Frode Hegland: Now imagine if we can find a way to record one of us saying, you know, when you click a button or whatever is a guided tour is the saying, thanks for trying this. You know, the hands are there to point out. I’m so glad you tried the thing. Have you tried this, by the way? Here are some of the issues. You can’t do this. You can’t do that. That’s what we need to work on. So I think we’re agreeing, Fabienne, that we’re not necessarily trying to sell it for everyone. But we are trying to show that for people who are serious about knowledge work, there are some aspects we should be in VR. There’s a weird level of silence now, so why don’t we. Why don’t I reverse the question almost and say, considering that we are going to be doing VR stuff? And we don’t want to do demos that are nonsense. We want to do something useful. What do you guys think we should do? For a month’s time to show someone there’s some potential. And now we have a lot more work to do. I’ll mute myself. So we’ll see how long it takes for comments.

Peter Wasilko: Well, first, one.

Mark Anderson: Way to be interested in VR without being interested in VR full fledged work is rely on somebody else. Like it could be interesting that you remain with someone else, remain in the headset to do some organization manipulation event showcasing well somebody just drag and drop document would just pick the output let’s say of the session. And I think that that makes it more inclusive and hopefully people will then be convinced and curious and do dive in. Because I’m also it’s funny that I’m I’m not arguing against your or your knowledge work in your work again. That’s why I’m here. So there is no question about it. But that some some others I spend so many years trying to convince VR that VR is real, is interesting, and not just for games that now I’m just how does that work? So that is also one way to make it in terms of the automated way to do an introduction that can then definitely be done. I was wondering, let’s say, about giving a tour of some of my rooms by little robot. The little wooden challenge I see with that is not technical, but rather that we don’t easily get feedback. Like if it doesn’t work personally, click on the wrong button somehow does bad interaction. It’s not great. One thing though that is definitely easy to do and good and cheap let’s say, is doing let’s say in in Inkscape or whatever. Two D graphic program, a little poster that is an introduction and say you can use the button here, that button there this does this. A typical session is 5 minutes. Whatever we want. You can save doing this. You can say doing it and just copy pasting it in the space or leaving it there next to the actual content like a little manual included. That should be the default, especially if people want to come back after and there is no interaction there. But honestly, a human touch where we can actually give tours, I think it’s much more demanding, but more powerful, helpful, because then we get on the spot criticism, feedback, new ideas. Rather the robot will probably not.

Frode Hegland: That’s a really good point and I am asking for a quarter million dollars a year, so we’re not asking for piddly tiny things. Barbara Brandel is joining us just. I Brandel. You missed all the fun bits. We’re going to be really boring now. Um, just a real quick summary. We are talking about being very, very specific. I’m trying to get some funding for the lab, and even if we don’t do a lot, it’s quite a lot of money. So the idea is to have a document, normal PDF with all the sales pitches and all of that stuff that it says on the cover. To view this and be our go to this URL, you go to that page initially, you just see the documents. Not very impressive at all, but in that document you have murals, images, whatever we can squeeze in.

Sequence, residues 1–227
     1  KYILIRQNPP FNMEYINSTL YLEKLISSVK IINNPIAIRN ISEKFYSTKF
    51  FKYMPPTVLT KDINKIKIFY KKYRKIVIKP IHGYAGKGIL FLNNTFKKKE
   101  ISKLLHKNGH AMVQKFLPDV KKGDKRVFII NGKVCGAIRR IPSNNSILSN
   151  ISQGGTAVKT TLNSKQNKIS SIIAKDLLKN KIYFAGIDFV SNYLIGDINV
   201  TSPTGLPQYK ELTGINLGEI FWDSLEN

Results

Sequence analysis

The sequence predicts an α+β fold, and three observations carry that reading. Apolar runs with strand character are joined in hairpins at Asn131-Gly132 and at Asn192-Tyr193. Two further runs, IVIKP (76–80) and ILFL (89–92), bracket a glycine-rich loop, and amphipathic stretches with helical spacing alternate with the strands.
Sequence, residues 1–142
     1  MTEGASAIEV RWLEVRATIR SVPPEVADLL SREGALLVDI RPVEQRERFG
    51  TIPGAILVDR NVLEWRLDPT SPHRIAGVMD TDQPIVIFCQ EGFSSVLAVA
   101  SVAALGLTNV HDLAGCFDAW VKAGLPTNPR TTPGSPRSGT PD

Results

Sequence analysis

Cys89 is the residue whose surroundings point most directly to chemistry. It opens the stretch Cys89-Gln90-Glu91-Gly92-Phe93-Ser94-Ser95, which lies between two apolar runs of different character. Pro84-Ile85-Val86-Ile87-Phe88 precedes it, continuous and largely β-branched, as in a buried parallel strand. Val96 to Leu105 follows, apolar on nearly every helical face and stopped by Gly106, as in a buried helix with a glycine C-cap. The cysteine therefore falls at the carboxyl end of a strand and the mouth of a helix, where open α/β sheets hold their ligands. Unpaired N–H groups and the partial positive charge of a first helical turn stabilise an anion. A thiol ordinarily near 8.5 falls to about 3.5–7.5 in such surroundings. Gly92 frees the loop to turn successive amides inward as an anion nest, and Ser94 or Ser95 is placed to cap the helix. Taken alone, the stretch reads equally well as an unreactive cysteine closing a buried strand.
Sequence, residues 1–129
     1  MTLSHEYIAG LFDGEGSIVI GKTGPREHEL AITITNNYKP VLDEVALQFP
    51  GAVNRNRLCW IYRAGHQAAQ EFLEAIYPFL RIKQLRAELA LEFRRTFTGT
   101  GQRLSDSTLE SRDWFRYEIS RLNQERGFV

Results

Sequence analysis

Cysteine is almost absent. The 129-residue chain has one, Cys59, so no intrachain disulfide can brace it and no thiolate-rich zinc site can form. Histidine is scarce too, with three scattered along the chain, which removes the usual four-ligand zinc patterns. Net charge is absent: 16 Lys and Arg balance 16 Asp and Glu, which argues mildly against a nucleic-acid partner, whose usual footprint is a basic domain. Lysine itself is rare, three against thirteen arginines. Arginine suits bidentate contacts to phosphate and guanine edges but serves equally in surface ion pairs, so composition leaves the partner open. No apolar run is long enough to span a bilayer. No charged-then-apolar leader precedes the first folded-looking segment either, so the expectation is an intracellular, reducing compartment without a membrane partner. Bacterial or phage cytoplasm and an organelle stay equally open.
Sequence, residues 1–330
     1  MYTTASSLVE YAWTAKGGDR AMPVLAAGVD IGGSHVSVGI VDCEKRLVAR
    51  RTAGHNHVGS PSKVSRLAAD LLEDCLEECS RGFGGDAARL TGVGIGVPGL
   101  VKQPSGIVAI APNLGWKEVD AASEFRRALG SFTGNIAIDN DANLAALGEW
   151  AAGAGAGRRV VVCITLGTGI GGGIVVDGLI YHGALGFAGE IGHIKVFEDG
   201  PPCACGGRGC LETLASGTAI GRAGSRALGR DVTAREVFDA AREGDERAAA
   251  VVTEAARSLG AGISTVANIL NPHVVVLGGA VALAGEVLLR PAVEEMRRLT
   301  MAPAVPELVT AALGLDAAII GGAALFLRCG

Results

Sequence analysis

Peter Wasilko: There.

Frode Hegland: With the workflow being arguments through documents, basically citation, workflow, right? So Fabian was pointing out some issues now about kind of semi guided tours for this. The very first person we need to convince that’s Vint Cerf. So I’m going to send him an Oculus. He’s going to put it on his head so we can be on a Skype or Zoom or whatever call with him. At the same time, I don’t know how we’re going to share the visual, but that’s one thing. And by the way, I don’t know if you’ve noticed, I posted on Twitter today I felt good first time in VR and the video that I captured is wide. They finally gone from box to wide. It’s so much easier to view. So what we could when we go further is to make a literal one minute video introduction. When you go in there like what you were talking about, Fabian, it’s like, here are some of the controls, a bit of an onboarding because yes, onboarding is absolutely one of the key issues. Mark And then David.

Mark Anderson: Sorry. Yeah, I really liked actually the point Fabio made about a sort of almost a mixed mode of working, not just in terms of the demo, but this idea that one area that’s easy to overlook is that you might be co working with someone who, who, who doesn’t need to be in VR but is working alongside you, who doesn’t need the affordances that that you need or vice versa. So that actually I find quite interesting because you don’t always, you don’t necessarily need to be in the environment all the time. And this, I think, might also help bridge some of the gaps that are seen sort of in your turn with Vint. So yeah, you know, it’s interesting, but are we there yet? I think and again, sorry, I think it was Fabian’s point that, you know, this probably isn’t everything that everyone needs right away. It’s definitely something that’s going to come. And it will a bit like I think back to the nineties and watching the sort of the Internet arrive and the presence of the web, it took a while and then it was quite fast. But you know, I do remember the middle of the nineties explaining to people that I was actually writing to people on a computer when I could have just put it on paper and put in the post box and they just didn’t get it.